With so many beautiful pictures of spiral galaxies available, it might seem strange to highlight yet another image. But NASA's recent press release highlighting NGC 2841 merits the fuss.
NGC 2841 is a 9th-magnitude galaxy 46 million light-years away in the front leg of Ursa Major, the Great Bear. In many ways it's a classic example of a spiral galaxy: plenty of dust, inner populations of yellowish, middle-aged stars toward the center while bluer and younger stars congregate along the outer spiral arms.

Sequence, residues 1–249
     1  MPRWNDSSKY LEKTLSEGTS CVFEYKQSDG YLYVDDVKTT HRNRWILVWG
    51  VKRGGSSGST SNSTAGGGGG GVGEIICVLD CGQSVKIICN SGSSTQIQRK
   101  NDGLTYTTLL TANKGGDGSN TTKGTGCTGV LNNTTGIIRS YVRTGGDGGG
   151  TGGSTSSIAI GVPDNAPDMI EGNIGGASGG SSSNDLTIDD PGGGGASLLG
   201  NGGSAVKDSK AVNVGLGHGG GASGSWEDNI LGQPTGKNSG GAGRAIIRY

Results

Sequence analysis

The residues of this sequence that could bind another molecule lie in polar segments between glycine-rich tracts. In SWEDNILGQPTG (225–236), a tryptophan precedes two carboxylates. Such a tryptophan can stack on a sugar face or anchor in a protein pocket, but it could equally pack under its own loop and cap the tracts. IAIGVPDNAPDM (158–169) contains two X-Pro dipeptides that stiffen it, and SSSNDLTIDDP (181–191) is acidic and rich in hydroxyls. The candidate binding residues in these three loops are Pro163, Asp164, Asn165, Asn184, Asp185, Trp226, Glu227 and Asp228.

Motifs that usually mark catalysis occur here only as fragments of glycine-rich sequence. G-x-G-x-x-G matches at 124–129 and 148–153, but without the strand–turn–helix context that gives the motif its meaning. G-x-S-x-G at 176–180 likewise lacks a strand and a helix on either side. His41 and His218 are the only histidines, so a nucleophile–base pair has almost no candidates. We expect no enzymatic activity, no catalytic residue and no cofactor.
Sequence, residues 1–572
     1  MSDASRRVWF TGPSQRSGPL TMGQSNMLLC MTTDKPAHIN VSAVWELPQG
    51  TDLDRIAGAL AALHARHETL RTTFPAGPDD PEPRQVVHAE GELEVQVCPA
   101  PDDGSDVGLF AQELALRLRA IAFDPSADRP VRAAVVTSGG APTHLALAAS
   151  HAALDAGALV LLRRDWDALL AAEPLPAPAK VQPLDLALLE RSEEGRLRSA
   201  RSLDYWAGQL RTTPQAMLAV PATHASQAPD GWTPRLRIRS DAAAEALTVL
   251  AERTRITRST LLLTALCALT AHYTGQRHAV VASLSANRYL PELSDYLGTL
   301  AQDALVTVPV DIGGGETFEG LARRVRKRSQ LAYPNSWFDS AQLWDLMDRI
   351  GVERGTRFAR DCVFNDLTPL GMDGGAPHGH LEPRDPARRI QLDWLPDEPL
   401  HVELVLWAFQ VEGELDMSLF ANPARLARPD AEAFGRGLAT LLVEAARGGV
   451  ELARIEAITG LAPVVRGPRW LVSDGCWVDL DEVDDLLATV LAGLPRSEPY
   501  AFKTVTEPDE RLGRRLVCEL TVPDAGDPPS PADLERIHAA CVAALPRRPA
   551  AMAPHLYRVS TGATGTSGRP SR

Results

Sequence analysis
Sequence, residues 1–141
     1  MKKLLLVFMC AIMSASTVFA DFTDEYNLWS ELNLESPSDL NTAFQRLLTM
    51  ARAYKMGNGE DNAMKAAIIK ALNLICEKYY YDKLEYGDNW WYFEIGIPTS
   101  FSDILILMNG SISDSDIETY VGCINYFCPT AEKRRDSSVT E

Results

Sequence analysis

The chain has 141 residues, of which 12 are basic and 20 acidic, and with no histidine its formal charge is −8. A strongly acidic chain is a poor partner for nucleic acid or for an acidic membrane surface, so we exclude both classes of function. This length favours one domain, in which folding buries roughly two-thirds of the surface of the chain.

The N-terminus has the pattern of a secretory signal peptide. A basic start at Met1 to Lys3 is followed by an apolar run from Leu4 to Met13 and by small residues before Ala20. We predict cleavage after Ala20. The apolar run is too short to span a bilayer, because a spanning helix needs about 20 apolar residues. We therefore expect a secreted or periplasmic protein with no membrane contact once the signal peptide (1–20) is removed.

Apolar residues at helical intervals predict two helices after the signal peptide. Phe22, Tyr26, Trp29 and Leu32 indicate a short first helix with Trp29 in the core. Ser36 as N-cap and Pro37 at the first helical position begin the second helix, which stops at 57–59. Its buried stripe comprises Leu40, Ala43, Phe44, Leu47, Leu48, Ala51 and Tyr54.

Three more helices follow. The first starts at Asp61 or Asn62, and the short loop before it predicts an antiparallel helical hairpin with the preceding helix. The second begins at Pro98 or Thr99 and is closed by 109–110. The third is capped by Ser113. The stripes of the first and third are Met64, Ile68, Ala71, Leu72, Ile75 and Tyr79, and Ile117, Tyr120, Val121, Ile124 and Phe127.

However, NGC 2841 defies the norm when it comes to star-formation rate — compared to other galaxies of its kind, it lacks the emission nebulae that indicate star formation, boasting instead a larger-than-average population of young, blue stars. Stellar wind from the super-hot young stars may have blown off the gas that would allow further star formation in their vicinity.
Exposures for the new image were taken in 2010 with Hubble's Wide Field Camera 3 totaling two hours through four filters ranging from ultraviolet to infrared wavelengths. The dust arms are captured in extraordinary detail.